Thursday, July 08, 2010

Mark Twain's Autobiography will piss some people off



Ed here: Twain was adamant about his autobiography--it wasn't to be published until one hundred years after his death. The Huffington Post explains why.


Huffington:

Mark Twain's autobiography will be published this November, 100 years after his death, per Twain's own dying wishes. A fear of being shunned for the shocking and controversial opinions that he voices in the document left Twain unwilling to release his autobiography until long after his death, but the time has come to unveil Twain's revelations about his own life. The documents, which have been housed at UC Berkeley for decades, were long considered unfinished, but after six years, scholars have been able to piece the autobiography together to reveal a fully-formed book.

The book contains some shocking opinions which would have been extremely controversial in Twain's day, including a criticism of Christianity -- "Ours is a terrible religion" -- and of Teddy Roosevelt. It also reveals Twain's insights into his own writing process, such as a description of how he overcame writer's block while writing "Tom Sawyer."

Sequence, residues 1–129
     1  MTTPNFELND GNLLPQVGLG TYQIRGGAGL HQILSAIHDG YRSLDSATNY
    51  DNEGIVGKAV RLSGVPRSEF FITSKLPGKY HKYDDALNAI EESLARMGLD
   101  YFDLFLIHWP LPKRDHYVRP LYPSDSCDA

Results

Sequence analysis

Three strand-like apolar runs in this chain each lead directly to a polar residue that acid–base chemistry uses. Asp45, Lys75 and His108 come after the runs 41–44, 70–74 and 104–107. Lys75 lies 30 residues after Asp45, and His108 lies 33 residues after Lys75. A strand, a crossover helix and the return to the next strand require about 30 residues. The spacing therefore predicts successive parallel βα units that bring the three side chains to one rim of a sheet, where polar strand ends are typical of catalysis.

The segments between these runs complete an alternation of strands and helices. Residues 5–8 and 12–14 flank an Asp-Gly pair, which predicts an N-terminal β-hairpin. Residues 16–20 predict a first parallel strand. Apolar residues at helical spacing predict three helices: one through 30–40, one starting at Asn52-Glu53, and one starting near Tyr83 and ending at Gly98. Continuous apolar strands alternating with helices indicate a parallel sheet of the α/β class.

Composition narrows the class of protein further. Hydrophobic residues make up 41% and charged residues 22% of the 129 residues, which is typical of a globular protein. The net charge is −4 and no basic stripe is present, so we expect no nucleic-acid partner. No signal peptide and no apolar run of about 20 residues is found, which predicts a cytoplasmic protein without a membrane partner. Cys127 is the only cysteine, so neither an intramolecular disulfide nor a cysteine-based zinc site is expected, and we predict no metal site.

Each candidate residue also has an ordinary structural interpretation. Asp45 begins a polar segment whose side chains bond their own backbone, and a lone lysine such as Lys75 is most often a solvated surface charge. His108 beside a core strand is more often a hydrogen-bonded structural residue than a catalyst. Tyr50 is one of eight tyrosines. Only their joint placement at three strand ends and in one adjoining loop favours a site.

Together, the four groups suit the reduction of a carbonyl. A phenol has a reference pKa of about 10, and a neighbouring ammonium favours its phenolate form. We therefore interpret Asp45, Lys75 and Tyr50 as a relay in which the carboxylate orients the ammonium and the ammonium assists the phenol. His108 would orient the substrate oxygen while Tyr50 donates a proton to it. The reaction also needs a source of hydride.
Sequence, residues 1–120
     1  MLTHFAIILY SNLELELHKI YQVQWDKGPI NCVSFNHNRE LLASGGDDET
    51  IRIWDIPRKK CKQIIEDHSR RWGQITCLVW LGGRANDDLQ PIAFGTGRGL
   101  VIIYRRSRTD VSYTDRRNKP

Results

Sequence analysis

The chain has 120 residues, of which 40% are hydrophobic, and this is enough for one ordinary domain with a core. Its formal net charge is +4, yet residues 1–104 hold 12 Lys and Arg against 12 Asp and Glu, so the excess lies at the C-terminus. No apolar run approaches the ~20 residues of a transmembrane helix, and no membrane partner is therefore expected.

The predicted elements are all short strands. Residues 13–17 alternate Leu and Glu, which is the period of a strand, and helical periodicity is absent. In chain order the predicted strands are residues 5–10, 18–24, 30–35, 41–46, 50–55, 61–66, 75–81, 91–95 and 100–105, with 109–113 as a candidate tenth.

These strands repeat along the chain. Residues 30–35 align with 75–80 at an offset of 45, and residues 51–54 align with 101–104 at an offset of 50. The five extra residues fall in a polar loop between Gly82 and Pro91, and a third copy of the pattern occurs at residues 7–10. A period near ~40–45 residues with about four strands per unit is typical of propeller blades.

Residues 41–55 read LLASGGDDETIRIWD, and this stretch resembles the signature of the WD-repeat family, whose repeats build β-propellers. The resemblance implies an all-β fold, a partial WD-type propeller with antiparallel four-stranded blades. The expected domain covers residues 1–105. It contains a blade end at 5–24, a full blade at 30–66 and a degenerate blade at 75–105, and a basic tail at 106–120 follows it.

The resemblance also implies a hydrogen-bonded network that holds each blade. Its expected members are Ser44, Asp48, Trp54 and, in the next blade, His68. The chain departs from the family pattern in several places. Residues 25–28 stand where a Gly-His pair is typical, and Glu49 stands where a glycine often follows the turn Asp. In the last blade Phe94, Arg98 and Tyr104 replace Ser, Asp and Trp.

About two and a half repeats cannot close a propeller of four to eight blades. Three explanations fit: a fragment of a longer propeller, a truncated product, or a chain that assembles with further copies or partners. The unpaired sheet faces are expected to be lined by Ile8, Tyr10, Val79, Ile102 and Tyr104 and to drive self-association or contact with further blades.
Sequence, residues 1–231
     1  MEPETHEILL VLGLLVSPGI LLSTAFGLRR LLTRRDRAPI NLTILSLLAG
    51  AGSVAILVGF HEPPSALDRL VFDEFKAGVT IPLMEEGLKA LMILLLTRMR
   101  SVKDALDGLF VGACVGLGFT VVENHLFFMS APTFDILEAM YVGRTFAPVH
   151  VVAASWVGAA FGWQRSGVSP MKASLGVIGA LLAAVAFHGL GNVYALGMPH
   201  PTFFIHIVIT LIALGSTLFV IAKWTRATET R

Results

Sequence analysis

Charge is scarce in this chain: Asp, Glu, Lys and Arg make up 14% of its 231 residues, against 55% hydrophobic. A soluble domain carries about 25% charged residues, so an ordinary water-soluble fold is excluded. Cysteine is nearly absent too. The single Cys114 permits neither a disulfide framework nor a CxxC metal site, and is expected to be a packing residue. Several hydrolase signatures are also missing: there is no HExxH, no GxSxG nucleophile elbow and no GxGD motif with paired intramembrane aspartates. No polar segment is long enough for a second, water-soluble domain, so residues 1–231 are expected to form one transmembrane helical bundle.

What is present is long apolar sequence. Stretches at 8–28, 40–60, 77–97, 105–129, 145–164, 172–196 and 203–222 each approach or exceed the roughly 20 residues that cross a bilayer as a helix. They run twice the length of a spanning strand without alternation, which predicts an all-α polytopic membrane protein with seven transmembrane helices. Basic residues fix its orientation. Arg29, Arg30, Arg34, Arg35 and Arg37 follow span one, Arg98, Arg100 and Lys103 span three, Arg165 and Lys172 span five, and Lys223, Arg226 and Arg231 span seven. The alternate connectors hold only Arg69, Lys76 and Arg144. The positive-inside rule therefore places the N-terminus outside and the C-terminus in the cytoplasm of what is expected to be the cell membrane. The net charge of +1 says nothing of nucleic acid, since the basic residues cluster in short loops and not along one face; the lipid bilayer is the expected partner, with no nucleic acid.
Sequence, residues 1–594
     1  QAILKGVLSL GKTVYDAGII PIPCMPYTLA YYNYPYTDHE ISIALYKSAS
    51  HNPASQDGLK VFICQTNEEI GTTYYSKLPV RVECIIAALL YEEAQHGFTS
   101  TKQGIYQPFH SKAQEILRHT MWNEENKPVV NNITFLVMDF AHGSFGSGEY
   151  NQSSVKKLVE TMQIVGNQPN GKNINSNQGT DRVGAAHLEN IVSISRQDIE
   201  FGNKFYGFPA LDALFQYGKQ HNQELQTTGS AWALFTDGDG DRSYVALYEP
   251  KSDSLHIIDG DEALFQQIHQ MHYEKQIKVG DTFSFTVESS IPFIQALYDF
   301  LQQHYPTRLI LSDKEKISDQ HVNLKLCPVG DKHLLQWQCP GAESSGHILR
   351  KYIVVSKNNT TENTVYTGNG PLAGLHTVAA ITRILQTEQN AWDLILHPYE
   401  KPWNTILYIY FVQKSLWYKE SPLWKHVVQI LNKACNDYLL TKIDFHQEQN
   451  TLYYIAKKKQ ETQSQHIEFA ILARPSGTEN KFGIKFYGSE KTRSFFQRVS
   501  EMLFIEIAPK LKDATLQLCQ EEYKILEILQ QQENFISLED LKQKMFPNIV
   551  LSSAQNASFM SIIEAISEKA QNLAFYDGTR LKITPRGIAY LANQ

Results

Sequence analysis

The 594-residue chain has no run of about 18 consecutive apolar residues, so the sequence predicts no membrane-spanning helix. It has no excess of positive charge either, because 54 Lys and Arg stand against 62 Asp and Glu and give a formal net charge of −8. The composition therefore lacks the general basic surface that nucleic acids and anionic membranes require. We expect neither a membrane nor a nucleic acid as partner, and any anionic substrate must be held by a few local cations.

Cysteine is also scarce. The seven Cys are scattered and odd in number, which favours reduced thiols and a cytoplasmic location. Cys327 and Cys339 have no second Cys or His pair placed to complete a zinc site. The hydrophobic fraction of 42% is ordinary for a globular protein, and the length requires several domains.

The autobiography will be published in three volumes, the first of which will hit the shelves in November.

7 comments:

Jeff Pert said...

I'm confused. So what's the autobiography that's been out for ages?

Ed Gorman said...

Good question.

Fred Blosser said...

From a college lit course dimly remembered: there were incomplete editions of the AUTOBIOGRAPHY in the '20s and '50s by different editors, using only portions of the full Twain manuscript or manuscripts. Looks like the forthcoming edition will be the complete text, including some stuff about religion left out of the earlier versions. I believe Twain expressly asked that some of the material not be published until a century after his death. Man, I wish Twain were alive to write about the current political and social scene.

Evan Lewis said...

I remember enjoying one of those early editions, plus other more or less suppressed Twain manuscripts a long time back. This new edition will be a must-read, no doubt prompting another go-round with my favorite Twain masterpiece, Roughing It.

Ron Scheer said...

There was an entire "dark" side of Twain that deepened, if I'm right, as he grew older and suffered personal losses. I've also come across references to a really bawdy side that wouldn't have gone down well amongst the general public in 1910.

David Cranmer said...

I'm very interested in reading his bio.

Thanks Ed, I didn't know of this.

Jennifer X said...

I can't wait for this to come out.